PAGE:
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when i was a kid my mom told me that the reflectors on the road were for blind people. i belived her until i was 17 years old.
My sister and I used to believe that highways were required to have an exit each mile. It wasn't until we were well past driving age when we realized otherwise.
up until I took drivers ed I thought that the speed limit sighns showed the speed you were not allowed to go. this came from everyone slowing down when they saw a cop. I never knew that people allways drive faster than the speed limit.
When i was little i used to see those Wrong Way signs and i spent years wondering how they knew where people were supposed to be going.
I am one of those rare colorblind females. I have protanomaly, which causes me to see less red than a person with normal color vision would. Therefore, most shades of red appear to be orange to me.
Just today, I was in the car with my mother and she sped past a stop sign and nearly hit someone. It scared the hell out of me. So then I began to yell at her.
Me: You idiot! I almost pissed myself for a second there! YOU STOP AT THE BIG ORANGE SIGN THAT SAYS "STOP" ON IT!
Mother: Orange? You mean red...
And that's when she began laughing hysterically. To think I didn't know this for fourteen years... XD
i used to think the traffic signs with the arrows pointing up (forward) and down(backward) ment that you drove your car up in the sky and under ground...what was i thinking?
When I was a kid, I knew that a "dead end" was where the road ended before joining another road, but I thought that if you drove down to a dead end, you couldn't go back and you had to stay there until you died. Hence the term "dead end".
When I was about 4 years old I was convinced that the red and yellow reflectors on metal poles that you see by the roadside were really lollipops. I really really wanted one of those lollipops and used to beg my parents to please stop and let me get one. Boy was I disappointed when they finally caved in one day and let me try to get a lollipop...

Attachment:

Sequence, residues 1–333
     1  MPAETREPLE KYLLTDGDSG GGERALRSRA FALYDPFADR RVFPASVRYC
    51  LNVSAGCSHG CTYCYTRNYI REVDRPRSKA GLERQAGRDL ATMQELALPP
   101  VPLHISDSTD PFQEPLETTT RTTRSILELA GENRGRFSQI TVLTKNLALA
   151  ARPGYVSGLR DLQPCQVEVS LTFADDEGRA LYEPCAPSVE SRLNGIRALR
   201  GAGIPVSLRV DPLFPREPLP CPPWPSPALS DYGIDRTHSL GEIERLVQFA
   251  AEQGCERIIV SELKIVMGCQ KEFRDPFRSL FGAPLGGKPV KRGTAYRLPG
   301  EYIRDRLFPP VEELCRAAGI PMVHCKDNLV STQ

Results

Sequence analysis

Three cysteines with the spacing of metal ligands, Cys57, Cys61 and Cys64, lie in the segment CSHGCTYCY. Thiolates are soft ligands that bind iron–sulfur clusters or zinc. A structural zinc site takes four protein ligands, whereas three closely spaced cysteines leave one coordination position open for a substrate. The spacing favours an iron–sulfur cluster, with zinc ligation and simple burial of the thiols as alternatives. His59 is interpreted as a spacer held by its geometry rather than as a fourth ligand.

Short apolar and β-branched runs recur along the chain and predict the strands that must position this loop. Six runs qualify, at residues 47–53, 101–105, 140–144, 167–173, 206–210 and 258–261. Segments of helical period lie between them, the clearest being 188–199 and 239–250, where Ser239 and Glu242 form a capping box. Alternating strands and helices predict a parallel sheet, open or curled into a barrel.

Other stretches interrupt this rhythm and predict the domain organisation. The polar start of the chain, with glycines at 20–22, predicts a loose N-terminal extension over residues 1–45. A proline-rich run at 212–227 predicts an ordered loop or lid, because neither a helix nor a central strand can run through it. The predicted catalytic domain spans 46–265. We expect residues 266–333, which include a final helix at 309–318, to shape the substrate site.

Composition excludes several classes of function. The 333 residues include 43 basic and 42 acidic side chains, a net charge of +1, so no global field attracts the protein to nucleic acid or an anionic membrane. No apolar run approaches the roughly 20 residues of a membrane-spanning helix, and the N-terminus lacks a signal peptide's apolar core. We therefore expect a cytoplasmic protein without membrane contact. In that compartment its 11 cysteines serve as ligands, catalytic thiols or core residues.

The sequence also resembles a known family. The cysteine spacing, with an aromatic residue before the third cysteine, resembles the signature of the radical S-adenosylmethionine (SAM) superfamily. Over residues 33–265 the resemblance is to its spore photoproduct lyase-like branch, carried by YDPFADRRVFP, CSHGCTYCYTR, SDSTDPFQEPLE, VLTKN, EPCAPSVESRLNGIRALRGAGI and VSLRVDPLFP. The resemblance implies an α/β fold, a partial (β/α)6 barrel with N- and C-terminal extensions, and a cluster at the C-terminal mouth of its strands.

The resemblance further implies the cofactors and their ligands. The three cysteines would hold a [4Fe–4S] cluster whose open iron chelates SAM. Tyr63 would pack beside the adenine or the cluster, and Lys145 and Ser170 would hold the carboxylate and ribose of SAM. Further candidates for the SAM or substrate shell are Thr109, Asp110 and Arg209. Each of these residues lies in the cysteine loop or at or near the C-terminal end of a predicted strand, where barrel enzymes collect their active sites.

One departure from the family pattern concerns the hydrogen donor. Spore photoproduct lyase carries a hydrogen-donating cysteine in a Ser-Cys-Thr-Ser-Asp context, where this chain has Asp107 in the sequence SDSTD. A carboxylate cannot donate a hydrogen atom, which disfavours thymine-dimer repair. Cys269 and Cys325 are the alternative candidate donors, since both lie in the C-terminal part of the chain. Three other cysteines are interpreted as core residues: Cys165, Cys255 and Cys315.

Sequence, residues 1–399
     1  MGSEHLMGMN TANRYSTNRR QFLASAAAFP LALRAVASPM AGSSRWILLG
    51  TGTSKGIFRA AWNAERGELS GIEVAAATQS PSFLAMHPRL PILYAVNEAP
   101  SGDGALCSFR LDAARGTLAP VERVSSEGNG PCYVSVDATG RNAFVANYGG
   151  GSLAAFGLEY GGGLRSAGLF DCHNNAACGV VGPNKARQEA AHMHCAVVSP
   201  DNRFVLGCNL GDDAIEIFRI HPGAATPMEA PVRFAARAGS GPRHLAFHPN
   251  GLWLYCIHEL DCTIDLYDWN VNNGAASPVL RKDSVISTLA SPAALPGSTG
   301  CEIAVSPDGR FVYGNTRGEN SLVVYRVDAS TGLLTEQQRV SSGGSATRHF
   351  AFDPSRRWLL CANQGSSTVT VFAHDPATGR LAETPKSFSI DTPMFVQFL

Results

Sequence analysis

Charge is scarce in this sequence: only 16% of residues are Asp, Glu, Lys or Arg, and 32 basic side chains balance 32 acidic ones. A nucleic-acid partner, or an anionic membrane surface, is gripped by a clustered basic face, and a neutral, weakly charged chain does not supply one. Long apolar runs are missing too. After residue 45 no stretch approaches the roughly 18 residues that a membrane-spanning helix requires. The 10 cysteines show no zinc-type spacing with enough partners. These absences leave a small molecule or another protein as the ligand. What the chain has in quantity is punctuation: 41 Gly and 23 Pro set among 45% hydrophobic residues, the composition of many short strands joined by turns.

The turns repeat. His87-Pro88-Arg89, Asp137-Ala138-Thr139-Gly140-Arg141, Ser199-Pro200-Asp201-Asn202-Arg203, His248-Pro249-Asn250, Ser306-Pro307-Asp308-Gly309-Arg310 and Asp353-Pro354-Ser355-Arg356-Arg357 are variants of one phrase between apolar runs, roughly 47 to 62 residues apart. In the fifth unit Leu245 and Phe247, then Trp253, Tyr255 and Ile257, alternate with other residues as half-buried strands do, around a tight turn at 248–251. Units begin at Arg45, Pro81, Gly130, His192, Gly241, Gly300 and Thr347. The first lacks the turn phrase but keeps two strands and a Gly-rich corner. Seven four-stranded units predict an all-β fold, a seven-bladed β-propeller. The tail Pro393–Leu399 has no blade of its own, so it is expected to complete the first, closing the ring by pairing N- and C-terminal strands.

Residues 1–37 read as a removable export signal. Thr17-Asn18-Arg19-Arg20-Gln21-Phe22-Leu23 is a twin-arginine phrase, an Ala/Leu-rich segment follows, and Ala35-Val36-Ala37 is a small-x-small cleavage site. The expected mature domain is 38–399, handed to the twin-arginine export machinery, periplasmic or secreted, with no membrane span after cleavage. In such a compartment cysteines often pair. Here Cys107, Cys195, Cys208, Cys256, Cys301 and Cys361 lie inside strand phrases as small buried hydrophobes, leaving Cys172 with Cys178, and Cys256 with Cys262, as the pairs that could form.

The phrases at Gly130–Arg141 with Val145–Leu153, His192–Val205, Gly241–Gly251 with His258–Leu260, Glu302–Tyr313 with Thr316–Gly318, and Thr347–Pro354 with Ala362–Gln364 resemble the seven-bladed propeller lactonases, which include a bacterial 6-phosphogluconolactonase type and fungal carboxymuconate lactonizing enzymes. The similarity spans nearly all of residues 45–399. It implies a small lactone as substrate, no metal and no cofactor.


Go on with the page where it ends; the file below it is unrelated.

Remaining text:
my mom believed when she was little that a street sign that said don't walk meant you better run.
I used to believe that when seeing a road sign saying "BLIND DRIVE" it meant to watch out because there were blind people driving around.
When driving with my grandpa one day, we passed a "Blind Drive" sign. I asked him what it meant, and he said "It means that the driveway doesn't have any eyes". I believed for the longest time after this that most most driveways had eyes and could see me (and I felt sorry for the ones that didn't)
Having seen enough red octagonal STOP signs in my time, I used to look out for green circular GO signs.
I used to believe that the people who made the "Slow Children Playing" signs were very mean people,After all it is rude to call a child slow.
When I was little I use to believe that the highway signs "Park N Ride", for car pools, meant that there was a place to park ahead and go on carnival rides. I use to beg my parents to stop for the "carnival" and they would look at me as if I was crazy! I still get a kick out of those signs.
I used to think that the signs on the side of the road that said "Do Not Pass", meant do not pass that point. I would yell at my mom and tell her to turn the car around, and would get scared something was going to happen, when she didn't.
For the longest time, I never understood the road signs- Pedestrian Xing. Truck Xing. Deer Xing. "What in the heck does xing mean", I thought. "And how did you pronounce it"?
I used to think the sign on lorries that said Long Vehicle said Long Voyage no idea why as I was always good at reading!
I grew up in South Africa. Road names are marked as R10 or R60 etc. The currency in South Africa is the Rand (note the capital R), so I believed that the R10 or R60 signs I saw along the road, was the amount of the fine you would get if you were speeding on that road.
when I was younger (I am still a child as I am only 17 now), I thought that the "do not pass" signs meant you couldn't move past the sign. It always upset me because I thought my parents were breaking the law.
I thought this until I read the drivers manual at age 14.
When I saw a road sign that said no outlet that it ment the houses there didn't have electrical outlets. I believed this until I was about 11 and mentioned to my grandma how it must suck to live with no electricity when the next street over had it. I felt pretty dumb when she explained it ment the road was a dead end